5. 1979: Duke 47, North Carolina 40
In the most extreme example of Dean Smith’s "four corners" offense—unhindered by the shot clock, which didn’t exist yet—North Carolina attempted just two shots in the first half. Both shots failed to draw iron, and the Cameron Indoor Stadium crowd is said to have originated the now-ubiquitous “Aiiiiir ballll” chant in response.
Holding a laughable 7-0 lead coming out of the locker room, Duke proved just as capable of winning a more traditional game. Jim Spanarkel scored 15 second-half points in his final home game to seal the victory.
4. 2004: Duke 83, North Carolina 81
Roy Williams’ inaugural game in the rivalry became an instant classic when a late Jawad Williams three-pointer tied the game for his No. 17 Tar Heels and forced overtime. In the OT, top-ranked Duke took a three-point lead on some J.J. Redick free throws only to have another trey (from Rashad McCants) knot the score once again.
But Duke had one possession left to work with, and Chris Duhon flipped in a reverse in the waning seconds to earn a win for the visiting Blue Devils.
3. 1968: Duke 87, North Carolina 86
Duke backup center Fred Lind became the rivalry’s unlikeliest hero, starting when he blocked a UNC shot in the final moments of regulation to send the game to overtime. At the end of the extra session, two Lind free throws tied the game again, and when No. 10 Duke trailed at the end of a second OT, he hit a jumper for yet another tie.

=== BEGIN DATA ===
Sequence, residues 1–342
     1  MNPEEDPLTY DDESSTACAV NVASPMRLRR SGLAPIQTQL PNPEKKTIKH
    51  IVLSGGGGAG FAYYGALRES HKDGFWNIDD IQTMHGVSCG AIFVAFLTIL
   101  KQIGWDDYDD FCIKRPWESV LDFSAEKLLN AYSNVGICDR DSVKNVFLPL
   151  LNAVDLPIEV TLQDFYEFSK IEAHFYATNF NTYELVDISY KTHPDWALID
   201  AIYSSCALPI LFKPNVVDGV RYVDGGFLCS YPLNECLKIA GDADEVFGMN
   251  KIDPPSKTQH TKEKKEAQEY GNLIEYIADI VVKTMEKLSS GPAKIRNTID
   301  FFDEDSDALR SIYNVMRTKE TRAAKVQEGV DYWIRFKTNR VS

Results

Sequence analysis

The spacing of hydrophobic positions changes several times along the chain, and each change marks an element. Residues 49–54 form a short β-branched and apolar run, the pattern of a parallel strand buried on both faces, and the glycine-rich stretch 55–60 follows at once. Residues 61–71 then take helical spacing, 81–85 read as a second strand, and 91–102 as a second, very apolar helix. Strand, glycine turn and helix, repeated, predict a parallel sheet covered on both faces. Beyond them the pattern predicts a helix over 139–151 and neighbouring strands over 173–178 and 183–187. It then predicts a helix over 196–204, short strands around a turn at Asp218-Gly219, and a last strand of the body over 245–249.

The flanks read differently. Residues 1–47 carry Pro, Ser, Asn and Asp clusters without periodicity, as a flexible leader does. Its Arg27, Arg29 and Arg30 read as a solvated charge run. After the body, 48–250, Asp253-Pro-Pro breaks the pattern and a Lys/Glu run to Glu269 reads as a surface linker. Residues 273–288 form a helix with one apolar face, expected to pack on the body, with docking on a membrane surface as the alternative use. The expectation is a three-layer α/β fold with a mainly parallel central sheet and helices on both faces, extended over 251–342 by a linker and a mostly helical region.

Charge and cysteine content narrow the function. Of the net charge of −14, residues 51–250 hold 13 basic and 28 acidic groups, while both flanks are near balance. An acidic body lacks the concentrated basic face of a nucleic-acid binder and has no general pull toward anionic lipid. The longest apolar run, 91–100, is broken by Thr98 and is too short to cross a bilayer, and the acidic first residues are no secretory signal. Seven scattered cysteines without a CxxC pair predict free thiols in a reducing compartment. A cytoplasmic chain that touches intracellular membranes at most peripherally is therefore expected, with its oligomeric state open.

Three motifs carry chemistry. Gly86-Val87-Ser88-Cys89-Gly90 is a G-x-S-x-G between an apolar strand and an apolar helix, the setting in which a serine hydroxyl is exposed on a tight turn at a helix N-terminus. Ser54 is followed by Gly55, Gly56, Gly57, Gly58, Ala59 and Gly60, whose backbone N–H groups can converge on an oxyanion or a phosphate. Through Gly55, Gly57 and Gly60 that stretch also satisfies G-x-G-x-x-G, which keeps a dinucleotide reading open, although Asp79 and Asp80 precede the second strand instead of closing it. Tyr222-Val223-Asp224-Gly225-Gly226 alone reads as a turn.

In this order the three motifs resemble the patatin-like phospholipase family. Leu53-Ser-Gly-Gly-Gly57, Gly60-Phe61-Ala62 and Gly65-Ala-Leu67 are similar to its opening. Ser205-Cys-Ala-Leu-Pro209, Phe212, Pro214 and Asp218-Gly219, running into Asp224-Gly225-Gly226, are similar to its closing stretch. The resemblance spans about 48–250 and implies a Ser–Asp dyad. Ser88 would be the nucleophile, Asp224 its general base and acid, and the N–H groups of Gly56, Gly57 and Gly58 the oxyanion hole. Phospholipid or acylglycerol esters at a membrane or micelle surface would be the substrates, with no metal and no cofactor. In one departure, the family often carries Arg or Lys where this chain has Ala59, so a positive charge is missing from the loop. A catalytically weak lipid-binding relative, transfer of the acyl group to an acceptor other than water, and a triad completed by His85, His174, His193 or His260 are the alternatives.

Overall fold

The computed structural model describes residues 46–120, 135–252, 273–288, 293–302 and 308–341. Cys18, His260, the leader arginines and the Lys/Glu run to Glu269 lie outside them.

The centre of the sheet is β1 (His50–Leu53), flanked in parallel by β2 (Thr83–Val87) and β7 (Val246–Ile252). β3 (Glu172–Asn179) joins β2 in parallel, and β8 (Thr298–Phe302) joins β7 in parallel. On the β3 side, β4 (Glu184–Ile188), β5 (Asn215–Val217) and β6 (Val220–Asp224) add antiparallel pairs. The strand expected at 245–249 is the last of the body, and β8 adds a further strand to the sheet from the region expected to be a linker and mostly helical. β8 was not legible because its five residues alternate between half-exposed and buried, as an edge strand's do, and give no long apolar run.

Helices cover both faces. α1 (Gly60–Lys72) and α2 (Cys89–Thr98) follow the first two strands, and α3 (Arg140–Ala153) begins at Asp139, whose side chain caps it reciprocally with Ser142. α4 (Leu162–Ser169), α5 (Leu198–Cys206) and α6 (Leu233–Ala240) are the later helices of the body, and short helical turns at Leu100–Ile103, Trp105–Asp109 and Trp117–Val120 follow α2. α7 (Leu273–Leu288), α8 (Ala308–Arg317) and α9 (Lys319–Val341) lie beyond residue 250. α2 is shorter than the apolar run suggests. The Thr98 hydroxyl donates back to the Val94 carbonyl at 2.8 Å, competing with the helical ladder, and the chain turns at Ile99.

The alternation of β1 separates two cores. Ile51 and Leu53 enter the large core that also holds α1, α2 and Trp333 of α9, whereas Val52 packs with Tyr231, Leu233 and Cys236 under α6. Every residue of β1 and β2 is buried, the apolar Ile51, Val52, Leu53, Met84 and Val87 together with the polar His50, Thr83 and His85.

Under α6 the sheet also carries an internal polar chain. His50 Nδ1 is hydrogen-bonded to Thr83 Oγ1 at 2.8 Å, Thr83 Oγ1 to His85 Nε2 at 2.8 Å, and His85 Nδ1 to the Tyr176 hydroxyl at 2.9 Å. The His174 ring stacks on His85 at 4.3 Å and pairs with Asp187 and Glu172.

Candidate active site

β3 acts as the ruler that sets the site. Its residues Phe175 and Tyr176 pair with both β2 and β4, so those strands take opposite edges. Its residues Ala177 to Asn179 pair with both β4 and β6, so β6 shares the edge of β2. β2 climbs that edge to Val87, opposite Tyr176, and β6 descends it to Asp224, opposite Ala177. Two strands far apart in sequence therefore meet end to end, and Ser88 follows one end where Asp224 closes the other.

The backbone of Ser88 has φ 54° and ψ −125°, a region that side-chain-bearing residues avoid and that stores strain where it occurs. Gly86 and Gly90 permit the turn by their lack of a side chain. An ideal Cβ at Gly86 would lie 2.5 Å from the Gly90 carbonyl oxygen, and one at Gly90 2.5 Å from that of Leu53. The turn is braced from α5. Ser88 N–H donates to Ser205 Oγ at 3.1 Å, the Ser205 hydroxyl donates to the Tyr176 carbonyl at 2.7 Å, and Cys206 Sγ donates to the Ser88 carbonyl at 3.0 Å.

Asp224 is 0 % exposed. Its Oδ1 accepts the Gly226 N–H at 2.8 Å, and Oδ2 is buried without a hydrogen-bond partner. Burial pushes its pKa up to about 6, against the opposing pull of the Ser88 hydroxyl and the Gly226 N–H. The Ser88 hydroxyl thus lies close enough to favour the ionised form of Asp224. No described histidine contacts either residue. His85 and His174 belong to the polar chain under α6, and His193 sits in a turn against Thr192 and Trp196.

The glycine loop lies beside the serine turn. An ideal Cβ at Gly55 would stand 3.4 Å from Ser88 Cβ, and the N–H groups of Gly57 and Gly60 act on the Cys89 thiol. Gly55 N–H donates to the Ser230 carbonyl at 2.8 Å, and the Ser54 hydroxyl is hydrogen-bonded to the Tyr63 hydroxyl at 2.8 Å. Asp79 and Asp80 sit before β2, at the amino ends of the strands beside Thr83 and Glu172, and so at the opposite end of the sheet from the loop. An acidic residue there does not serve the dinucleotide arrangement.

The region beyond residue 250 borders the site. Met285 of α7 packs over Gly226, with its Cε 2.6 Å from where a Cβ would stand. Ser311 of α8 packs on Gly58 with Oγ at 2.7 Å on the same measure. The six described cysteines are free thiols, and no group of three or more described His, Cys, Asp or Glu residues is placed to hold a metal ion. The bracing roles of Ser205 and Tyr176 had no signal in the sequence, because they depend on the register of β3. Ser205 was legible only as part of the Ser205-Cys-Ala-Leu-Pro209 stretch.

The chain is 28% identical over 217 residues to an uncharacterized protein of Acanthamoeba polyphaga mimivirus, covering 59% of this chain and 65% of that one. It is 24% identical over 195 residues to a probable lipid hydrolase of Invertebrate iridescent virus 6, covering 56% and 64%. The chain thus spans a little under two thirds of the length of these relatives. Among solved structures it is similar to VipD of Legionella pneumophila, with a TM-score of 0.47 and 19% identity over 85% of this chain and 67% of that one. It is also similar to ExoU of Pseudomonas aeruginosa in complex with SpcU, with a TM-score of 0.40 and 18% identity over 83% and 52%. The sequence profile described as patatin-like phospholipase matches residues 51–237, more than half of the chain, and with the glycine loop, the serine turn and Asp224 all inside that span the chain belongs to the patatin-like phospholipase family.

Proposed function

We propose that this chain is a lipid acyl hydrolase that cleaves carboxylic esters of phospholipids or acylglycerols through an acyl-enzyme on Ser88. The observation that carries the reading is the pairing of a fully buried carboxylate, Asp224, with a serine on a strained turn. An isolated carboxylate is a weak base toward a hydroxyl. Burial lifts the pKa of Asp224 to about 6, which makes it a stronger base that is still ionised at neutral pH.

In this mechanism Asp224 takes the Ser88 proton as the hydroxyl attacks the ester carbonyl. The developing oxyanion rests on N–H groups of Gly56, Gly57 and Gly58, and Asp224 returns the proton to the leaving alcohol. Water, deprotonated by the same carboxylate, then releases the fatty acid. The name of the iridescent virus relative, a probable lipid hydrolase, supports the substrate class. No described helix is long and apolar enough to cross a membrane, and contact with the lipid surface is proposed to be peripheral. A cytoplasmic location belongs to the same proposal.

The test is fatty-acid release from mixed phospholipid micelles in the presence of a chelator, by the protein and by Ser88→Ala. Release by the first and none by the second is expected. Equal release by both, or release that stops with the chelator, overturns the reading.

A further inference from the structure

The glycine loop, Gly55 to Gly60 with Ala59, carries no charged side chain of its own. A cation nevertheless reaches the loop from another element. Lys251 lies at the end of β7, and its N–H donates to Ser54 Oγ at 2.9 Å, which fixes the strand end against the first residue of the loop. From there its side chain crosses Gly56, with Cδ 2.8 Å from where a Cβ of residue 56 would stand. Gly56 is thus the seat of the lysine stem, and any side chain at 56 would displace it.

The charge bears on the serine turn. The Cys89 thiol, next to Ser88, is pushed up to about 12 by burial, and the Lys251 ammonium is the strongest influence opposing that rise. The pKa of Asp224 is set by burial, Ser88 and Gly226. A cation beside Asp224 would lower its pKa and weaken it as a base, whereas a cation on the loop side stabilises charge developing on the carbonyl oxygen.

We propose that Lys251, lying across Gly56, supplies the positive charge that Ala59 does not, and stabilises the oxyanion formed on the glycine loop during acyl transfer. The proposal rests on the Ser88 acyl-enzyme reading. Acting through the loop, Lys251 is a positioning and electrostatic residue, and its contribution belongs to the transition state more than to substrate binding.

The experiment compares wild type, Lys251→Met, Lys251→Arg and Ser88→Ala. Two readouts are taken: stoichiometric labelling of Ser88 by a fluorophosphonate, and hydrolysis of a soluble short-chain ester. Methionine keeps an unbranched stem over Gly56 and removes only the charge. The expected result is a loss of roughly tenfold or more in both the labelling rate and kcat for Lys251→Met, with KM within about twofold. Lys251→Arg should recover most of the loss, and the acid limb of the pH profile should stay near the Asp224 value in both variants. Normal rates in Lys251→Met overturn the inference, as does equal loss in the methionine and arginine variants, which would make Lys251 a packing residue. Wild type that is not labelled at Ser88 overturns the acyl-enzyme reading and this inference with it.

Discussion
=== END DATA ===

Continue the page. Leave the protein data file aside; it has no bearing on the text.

By the time the Blue Devils finished off the win, a reserve who had entered with 21 career points had 16 points, nine boards and three blocks in one epic game.
2. 1984: North Carolina 96, Duke 83
When Duke botched a one-and-one that could have given it a four-point edge in Chapel Hill, Tar Heels senior Matt Doherty responded with a buzzer-beating jumper to force overtime. At the end of the extra session, Duke was the team in need of a clutch basket, and Johnny Dawkins supplied a driving layup to send it to a second OT.
Another senior by the name of Michael Jordan opened that period by hammering down an alley-oop. He and classmate Sam Perkins (who each finished with 25 points) proceeded to take over, ending their final home game with a convincing win.
1. 1995: North Carolina 102, Duke 100
The Blue Devils (unranked in the absence of Coach K, who was nursing an injured back) were 0-7 in ACC play coming in, but they hung right with Rasheed Wallace and high-flying No. 2 UNC. When Cherokee Parks swatted a would-be Jerry Stackhouse dunk with under a minute to play, the game headed for overtime and even more drama.
With 17 seconds left in the extra frame, Duke used a Trajan Langdon trey and Jeff Capel three-point play to trim an eight-point deficit to three. After Serge Zwikker bricked a pair of free throws, Capel drilled a half-court heave to send the game to double overtime.
In the second OT, though, a four-point spurt from Donald Williams and Jeff McInnis put the Tar Heels up in the final seconds. Duke had one last possession to tie, but neither Steve Wojciechowski nor Greg Newton could find the net in a heartbreaking loss.